Scotland’s space and satellite entrepreneurs

Scotland’s space and satellite entrepreneurs  urged to enter EIE19

By Alison Campsie, The Scotsman

Craig Clark
Craig Clark, CEO of Clyde Space Limited, one of a number of companies who are building Scotland’s reputation as a centre for space and satellite technology. PIC: John Devlin/TSPL.

Scotland’s space and satellite entrepreneurs are being urged to join a major launchpad for emerging tech companies that connects growing firms with potentially millions of pounds worth of investment.

Preparations are underway for EIE 2019, Scotland’s premier technology investor showcase that will be held in Edinburgh next April.

Sue Black
Computing, maths and tech expert Dr Sue Black will be one of the keynote speakers at EIE2019. PIC: Contributed.

EIE – which stands for Engage, Invest, Exploit – has helped seed companies unlock £650m worth of investment from around the world since the programme started in 2008. Dr Steve Ewing of Informatics Ventures, which organises the programme, said a strong field of candidates in data, health, fintech, cyber security and gaming was expected for the 2019 programme. He said: “The hope is that over time we start to see more space and satellite companies coming forward. Scotland has a fantastic reputation for developing space technology. For us it would be great to see more space and satellite companies coming through EIE. There is high growth potential in this area and we have established expertise right here in Scotland.” Scotland sits on the brink of a new age of space exploration after it was announced last year that a new spaceport will be created on the A’Mhoine Peninsula in Sutherland.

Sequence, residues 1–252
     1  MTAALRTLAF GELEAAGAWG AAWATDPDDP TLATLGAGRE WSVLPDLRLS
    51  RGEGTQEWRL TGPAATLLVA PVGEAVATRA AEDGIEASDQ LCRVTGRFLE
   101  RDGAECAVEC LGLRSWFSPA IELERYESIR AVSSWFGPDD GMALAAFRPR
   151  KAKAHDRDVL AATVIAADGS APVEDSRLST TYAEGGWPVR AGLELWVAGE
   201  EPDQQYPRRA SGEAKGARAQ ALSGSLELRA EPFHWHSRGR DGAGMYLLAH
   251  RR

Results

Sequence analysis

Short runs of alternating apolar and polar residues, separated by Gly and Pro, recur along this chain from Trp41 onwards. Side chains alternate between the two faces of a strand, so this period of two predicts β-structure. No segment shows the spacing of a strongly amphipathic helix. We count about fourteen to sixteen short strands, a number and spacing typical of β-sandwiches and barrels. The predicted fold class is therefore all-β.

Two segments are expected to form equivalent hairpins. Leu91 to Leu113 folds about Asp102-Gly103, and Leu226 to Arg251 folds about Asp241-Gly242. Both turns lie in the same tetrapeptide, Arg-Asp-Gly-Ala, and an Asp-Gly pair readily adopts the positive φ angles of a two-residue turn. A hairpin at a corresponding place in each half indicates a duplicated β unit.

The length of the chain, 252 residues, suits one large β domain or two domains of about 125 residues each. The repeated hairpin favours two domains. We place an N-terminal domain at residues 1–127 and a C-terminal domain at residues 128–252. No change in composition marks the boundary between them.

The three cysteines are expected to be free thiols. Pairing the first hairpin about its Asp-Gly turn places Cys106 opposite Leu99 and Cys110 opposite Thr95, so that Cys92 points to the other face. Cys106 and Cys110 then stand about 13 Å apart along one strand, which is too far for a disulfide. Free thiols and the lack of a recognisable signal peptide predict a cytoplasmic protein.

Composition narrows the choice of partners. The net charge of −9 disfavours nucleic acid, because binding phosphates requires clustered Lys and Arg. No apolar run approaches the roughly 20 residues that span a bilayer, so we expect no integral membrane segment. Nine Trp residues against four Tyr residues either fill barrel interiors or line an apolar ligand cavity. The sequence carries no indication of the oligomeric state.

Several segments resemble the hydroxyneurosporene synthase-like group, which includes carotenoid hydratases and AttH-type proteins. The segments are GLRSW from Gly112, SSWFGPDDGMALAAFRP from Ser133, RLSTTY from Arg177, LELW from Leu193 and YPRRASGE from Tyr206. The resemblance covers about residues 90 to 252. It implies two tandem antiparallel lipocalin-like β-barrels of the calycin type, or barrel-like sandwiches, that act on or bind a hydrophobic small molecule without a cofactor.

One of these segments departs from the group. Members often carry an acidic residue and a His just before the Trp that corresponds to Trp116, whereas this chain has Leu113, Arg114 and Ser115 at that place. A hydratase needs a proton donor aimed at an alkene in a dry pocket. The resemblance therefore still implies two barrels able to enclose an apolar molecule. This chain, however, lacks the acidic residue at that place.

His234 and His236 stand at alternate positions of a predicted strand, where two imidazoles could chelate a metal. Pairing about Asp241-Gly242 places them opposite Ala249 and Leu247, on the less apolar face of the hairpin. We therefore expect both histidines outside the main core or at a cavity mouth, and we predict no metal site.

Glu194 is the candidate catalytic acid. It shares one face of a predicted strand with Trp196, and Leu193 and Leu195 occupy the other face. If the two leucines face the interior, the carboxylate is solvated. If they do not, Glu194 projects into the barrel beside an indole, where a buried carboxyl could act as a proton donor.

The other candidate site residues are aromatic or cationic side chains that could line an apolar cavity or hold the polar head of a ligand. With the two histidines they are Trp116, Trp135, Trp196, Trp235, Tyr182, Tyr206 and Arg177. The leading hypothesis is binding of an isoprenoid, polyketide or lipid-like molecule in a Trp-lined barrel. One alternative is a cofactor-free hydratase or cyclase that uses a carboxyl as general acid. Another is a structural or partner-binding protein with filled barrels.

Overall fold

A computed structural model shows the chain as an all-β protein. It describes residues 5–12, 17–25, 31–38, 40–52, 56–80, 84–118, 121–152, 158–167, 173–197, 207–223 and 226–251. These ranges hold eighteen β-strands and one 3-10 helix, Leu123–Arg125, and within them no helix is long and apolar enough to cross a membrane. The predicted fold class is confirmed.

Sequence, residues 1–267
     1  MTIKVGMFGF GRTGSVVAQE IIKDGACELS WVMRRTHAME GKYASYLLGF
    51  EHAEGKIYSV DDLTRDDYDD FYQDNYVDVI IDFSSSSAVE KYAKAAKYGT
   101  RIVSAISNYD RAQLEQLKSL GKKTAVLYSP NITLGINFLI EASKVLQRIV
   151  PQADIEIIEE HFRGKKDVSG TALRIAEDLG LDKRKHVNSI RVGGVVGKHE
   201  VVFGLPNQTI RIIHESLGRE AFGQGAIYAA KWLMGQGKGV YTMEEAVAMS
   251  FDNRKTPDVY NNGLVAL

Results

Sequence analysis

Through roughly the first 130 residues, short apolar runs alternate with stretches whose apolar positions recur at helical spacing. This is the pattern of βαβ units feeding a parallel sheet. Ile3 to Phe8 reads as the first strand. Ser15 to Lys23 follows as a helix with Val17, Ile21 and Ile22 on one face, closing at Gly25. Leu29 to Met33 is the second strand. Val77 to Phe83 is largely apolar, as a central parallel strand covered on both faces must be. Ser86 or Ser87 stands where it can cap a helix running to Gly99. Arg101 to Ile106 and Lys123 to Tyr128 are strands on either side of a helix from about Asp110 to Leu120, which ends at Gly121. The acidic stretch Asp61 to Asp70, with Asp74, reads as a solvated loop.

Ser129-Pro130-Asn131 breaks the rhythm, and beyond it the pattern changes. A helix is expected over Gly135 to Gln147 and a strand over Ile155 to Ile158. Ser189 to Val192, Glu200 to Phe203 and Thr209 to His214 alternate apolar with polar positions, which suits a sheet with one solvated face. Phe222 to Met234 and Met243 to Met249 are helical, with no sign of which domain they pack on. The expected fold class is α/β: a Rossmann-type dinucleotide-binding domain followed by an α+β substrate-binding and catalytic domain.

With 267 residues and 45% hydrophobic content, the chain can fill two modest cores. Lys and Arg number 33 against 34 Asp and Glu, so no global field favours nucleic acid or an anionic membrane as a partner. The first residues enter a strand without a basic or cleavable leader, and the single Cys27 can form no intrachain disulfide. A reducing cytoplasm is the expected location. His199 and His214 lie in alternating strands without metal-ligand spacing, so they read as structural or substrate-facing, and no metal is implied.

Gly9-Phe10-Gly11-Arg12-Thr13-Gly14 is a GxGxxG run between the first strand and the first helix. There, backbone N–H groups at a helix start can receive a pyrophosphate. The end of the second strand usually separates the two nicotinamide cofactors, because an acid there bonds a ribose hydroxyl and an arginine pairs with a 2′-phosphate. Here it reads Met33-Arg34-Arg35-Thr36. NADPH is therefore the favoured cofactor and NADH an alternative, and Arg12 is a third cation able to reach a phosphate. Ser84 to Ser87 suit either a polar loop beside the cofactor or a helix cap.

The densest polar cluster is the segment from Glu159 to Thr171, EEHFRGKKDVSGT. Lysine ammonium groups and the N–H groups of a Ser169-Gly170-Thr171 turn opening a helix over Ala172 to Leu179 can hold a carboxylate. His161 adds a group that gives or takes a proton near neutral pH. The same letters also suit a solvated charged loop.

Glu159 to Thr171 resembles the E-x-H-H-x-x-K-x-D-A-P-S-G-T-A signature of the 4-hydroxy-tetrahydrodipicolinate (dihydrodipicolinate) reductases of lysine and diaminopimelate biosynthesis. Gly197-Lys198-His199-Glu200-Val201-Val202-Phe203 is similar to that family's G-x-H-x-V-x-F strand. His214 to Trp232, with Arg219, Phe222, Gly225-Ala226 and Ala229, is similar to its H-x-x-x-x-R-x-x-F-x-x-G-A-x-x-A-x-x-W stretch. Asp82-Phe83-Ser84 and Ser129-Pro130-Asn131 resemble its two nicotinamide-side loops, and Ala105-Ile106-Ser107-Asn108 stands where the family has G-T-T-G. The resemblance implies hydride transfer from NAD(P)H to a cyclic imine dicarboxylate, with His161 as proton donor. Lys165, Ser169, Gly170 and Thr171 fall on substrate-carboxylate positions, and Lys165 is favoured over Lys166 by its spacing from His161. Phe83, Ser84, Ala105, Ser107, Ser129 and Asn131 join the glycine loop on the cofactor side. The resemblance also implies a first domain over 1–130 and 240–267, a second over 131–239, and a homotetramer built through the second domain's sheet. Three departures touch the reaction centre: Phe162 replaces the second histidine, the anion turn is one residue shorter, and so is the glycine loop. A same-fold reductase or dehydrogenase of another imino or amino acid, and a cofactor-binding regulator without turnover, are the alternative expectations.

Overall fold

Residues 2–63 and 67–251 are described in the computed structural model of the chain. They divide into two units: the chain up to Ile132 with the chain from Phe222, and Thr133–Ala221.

The UK Space Agency has backed the spaceport, which is due to be open by the early 2020s, with £2.5 million worth of funding for Highlands and Islands Enterprise, which is leading the project. Meanwhile, Glasgow has become the satellite building capital of Europe with firms such as Clyde Space and Spire leading the field.

Since its inception, EIE has helped companies from a range of sectors thrive. Among them are fantasy sports business FanDuel, which was founded in Edinburgh, and Celtic Renewables, which is based at Napier University and creates bio-fuels from waste products created by the brewing and distilling industries.

Immersive audio company Two Big Ears, which creates sound tools for gaming and social media, also went through the EIE programme and was later bought over by Facebook with founder Varun Nair and Abesh Thakur now working with the social media giant in California.

Says Varun Nair: “EIE and Informatics Ventures helped me find a local network and gain advice and mentors that led to the growth of the company.

“Edinburgh has an amazing network of angels and advisors and a robust support system to help small companies find their footing and thrive.”

Dr Ewing said EIE was about getting companies to access the finance to “take the next step forward”. He added: “We want to get investors to help grow product lines and create jobs.”

When EIE started in 2008, just 14 companies and ten investors took part in the event. This year, pitches were made by 60 shortlisted companies to 340 investors from around the world, including IBM Venture Capital and Robert Bosch Venture Capital.

Keynote speaker at the 2019 event is Dr Sue Black, who was recently listed as one of the top 50 women in tech in Europe. Dr Black is a passionate advocate for women in tech, and has spent the last 20 years campaigning for more recognition and support for women in computing. An academic with more than 20 years experience with more than 40 publications and a PhD in software engineering, she was made an OBE in the New Year Honours list in 2016 and sits on the government’s advisory board for improving digital services. Dr Ewing said: “We are absolutely thrilled to be welcoming Dr Black to EIE 2019.”